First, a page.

Hogs not making the most of their 40 minutes on the floor

Arkansas sophomore guard C.J. Jones / Photo: ArkansasRazorbacks.com

The Arkansas Razorbacks spotted Colorado State an 11-point lead Tuesday night, but awoke from that early haze after a media timeout and a switch in personnel.

The move by Arkansas coach Mike Anderson prompted a decisive 24-3 run that turned the game around, after the Razorbacks trailed 13-2 with 15:09 to play in the first half.

The trio of freshmen Daniel Gafford, Darius Hall, and sophomore C.J. Jones ignited the Razorbacks’ pilot light and turned up the heat on the Rams with better defensive play, which led to improved offense.

Once in the game, Gafford swatted a shot on one end of the floor, and slammed home a dunk at the other end to get the Hogs’ scoring party started. Hall splashed in two 3-pointers in the run, with Jones also contributing 6 points in the run

From there the Hogs (6-2) cruised to a 92-66 victory against the Rams (4-5).

Rams’ coach Larry Eustachy said in the postgame interview that there was just too much Arkansas, and that was true; however, the Rams are a young squad and didn’t know how to fight back once the Razorbacks evened the score.

CSU junior guard Prentiss Nixon was the only Ram equipped to run with the Razorbacks. He scored 31 of the CSU’s 66 points.

Jones and senior guard Jaylen Barford led the Hogs with 19 points apiece, and Gafford added 14 points but also stuffed his stat sheet with 6 rebounds and 2 blocked shots.

It was a rousing victory for the Razorbacks, particularly coming off a 91-65 loss at Houston last Saturday, but Arkansas’ slow start against the Rams remains troublesome.

The Hogs started slow last Saturday and never caught up to the Cougars. Had the Razorbacks faced a better, tougher, more experienced opponent Tuesday night, Hog fans might have seen a very different ballgame.

Even Eustachy alluded to that. He said he had teams in the past that would have thrived playing at the Razorbacks’ pace, and added that he looked forward to Arkansas making a return trip to Fort Collins, Colo., next year.

He made the statement without anger. In fact, he thanked Anderson for signing the home-and-home series, saying that the Rams had difficulty getting return trips from other Power 5 programs.

The Razorbacks have the makings for what could be a good basketball team this season. We’ve seen glimpses of that during the first month of the season, but we’ve all seen tougher, more experienced teams make them wilt. Houston and North Carolina’s 87-68 thumping of the Hogs in the PK-80 event are examples.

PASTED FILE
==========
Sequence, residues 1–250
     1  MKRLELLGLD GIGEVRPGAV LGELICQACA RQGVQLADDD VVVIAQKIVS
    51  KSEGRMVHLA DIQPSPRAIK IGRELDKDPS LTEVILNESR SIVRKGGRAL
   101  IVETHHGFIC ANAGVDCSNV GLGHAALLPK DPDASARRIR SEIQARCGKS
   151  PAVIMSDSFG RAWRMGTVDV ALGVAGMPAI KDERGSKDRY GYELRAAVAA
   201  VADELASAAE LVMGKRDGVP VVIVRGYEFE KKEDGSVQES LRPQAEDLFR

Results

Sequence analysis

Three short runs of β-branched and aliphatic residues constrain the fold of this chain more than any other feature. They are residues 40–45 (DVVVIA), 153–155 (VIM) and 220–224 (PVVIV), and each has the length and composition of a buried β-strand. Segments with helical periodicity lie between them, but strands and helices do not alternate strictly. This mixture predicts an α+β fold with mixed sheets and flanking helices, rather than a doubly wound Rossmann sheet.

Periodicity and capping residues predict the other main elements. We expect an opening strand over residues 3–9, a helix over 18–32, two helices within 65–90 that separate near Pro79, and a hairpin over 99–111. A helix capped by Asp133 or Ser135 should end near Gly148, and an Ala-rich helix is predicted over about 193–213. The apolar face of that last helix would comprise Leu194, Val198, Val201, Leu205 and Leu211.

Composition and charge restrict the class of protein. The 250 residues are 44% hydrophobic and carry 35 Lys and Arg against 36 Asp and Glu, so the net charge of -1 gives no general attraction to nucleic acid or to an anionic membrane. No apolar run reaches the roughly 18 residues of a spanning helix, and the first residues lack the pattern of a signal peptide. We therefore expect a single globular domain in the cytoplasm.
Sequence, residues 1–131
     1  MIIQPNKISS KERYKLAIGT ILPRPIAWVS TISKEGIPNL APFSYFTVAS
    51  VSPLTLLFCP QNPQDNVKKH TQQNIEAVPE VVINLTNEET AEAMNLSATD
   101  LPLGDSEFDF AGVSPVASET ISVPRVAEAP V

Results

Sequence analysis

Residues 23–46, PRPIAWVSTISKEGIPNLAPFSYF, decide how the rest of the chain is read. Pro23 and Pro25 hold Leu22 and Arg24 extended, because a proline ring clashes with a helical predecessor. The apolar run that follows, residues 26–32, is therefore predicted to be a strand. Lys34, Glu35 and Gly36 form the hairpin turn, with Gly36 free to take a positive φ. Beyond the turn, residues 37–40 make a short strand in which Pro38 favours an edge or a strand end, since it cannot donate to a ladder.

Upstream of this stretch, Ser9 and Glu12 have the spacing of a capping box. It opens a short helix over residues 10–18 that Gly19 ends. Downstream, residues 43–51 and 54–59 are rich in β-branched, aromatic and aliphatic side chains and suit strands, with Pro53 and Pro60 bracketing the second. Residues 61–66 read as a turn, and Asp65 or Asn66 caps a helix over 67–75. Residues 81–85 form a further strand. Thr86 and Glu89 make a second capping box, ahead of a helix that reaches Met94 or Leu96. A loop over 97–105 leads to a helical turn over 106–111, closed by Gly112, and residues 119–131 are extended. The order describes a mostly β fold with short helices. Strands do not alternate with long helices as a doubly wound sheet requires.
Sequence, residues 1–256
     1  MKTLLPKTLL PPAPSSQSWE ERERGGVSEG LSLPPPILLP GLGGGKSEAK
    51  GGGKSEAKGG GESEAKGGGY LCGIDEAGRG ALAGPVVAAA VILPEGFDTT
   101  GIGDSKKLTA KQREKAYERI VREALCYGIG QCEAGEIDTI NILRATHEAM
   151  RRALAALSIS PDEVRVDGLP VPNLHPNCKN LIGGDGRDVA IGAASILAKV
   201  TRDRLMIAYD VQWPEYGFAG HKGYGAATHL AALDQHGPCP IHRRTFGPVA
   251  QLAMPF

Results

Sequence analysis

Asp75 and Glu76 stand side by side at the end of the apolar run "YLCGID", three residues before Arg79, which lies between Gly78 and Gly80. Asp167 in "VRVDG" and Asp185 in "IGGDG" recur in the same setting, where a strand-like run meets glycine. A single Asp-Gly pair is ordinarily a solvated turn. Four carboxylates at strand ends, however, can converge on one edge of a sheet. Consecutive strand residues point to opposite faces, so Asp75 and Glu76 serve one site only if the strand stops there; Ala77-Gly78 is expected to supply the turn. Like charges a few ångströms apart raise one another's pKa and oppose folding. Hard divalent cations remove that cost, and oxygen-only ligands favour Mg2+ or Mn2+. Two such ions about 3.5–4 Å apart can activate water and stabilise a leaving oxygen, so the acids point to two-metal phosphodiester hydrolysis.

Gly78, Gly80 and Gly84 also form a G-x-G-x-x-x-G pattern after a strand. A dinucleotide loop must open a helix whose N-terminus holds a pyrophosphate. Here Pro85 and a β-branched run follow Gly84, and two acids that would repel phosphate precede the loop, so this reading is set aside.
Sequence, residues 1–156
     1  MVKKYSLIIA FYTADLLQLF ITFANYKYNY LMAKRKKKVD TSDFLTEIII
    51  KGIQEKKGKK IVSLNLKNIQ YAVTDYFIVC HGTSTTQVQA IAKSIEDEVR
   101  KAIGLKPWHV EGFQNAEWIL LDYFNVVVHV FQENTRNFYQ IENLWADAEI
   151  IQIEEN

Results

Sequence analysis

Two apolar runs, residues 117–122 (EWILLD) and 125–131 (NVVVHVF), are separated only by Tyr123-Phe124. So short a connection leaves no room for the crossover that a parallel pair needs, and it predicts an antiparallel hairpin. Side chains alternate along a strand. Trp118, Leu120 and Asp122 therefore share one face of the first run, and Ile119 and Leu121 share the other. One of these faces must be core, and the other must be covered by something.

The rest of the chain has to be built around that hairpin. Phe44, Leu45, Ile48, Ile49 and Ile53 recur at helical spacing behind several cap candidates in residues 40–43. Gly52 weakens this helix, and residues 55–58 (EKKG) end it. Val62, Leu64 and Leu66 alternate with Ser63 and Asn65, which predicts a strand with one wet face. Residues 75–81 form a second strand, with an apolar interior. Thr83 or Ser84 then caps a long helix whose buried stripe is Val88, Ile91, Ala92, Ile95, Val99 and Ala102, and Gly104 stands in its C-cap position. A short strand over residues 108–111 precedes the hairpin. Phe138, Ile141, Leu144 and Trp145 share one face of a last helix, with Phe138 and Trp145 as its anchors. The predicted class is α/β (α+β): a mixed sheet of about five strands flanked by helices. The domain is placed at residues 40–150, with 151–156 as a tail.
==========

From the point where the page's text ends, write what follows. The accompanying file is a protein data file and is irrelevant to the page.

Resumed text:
The only “tough” games that the Hogs have won were the 92-83 victory over Oklahoma (6-1) in their PK-80 opener and an 83-75 against Fresno State (7-2) on Nov. 17.

We still don’t know how rugged this Razorback team is. Tuesday night was a good sign that the squad can take an early punch to the gut and fight their way back against an inexperienced opponent. But, what about an actually good team? So far, the results have been mixed to not very good.

The way the Razorbacks play, they are going to have runs, but so will their opponents. What happens when a good team race out to a 10-point lead? Can the Hogs come back?

Will those games continue to go like it did against Houston or North Carolina?

What’s going to happen in close games?

By the last fourth of the 2016-17 season, Arkansas began to play well in pressure-cooker games. They have to do that earlier this season if they want to avoid the NCAA bubble balancing act they faced last season.

Grit is an odd commodity, though. Some players are born with it, and when you have a leader or leaders with that form of raw toughness, it can transfer to his teammates.

Other teams develop toughness through experience. Win enough and learn enough from the losses and the mistakes, and a team gets tougher and more savvy.

Through eight games, it appears the Hogs might once again be in the latter category. The Razorbacks may have to take some more lumps and learn more the hard way before the final product is forged.

That’s O.K. As long as the Hogs improve along the way and win enough games to make it into the NCAA Tournament, they’ll have a shot of making some noise in March Madness.

But good teams don’t flirt with disaster like the Hogs did Tuesday night, allowing an inferior opponent to take an 11-point lead on the Razorbacks’ home turf.

Good teams don’t forget their identity. They know that defensive intensity is what leads to offensive ecstasy.

Good teams don’t play with their food. They devour it.

The Razorbacks are a better team than they showed last Saturday at Houston and in the first five minutes Tuesday night against Colorado State. It’s a shame they didn’t show it.

Saturday the Razorbacks have another great opportunity to make a statement about who they really are when No. 14 Minnesota (8-1) visits Bud Walton Arena for a 5:45 p.m. clash to be televised by the SEC Network.

It’s Arkansas’ last chance of making a definitive statement against a Top 20-opponent until they get into SEC play on Dec. 30. They open at home against Tennessee (6-1), which is currently ranked No. 24.

Saturday night is a big opportunity for the Razorbacks, and they don’t need to waste a minute of that basketball game. If they do, the Hogs might not be able to fight their way back in the game.

Minnesota is a battle-tested and talented team. It will take more than just one run to defeat Golden Gophers. It’s going to take 40 minutes of hell.

I’m looking forward to finding out if the Hogs have that in them just yet.